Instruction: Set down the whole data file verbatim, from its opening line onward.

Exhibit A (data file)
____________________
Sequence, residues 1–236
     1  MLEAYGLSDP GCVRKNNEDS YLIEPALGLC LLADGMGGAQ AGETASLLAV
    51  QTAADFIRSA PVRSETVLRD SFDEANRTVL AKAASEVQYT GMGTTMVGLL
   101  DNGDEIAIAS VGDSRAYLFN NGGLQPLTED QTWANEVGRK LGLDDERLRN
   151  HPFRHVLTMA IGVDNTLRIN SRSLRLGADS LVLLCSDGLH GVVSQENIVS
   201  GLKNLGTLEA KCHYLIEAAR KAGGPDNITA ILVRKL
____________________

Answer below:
Sequence, residues 1–236
     1  MLEAYGLSDP GCVRKNNEDS YLIEPALGLC LLADGMGGAQ AGETASLLAV
    51  QTAADFIRSA PVRSETVLRD SFDEANRTVL AKAASEVQYT GMGTTMVGLL
   101  DNGDEIAIAS VGDSRAYLFN NGGLQPLTED QTWANEVGRK LGLDDERLRN
   151  HPFRHVLTMA IGVDNTLRIN SRSLRLGADS LVLLCSDGLH GVVSQENIVS
   201  GLKNLGTLEA KCHYLIEAAR KAGGPDNITA ILVRKL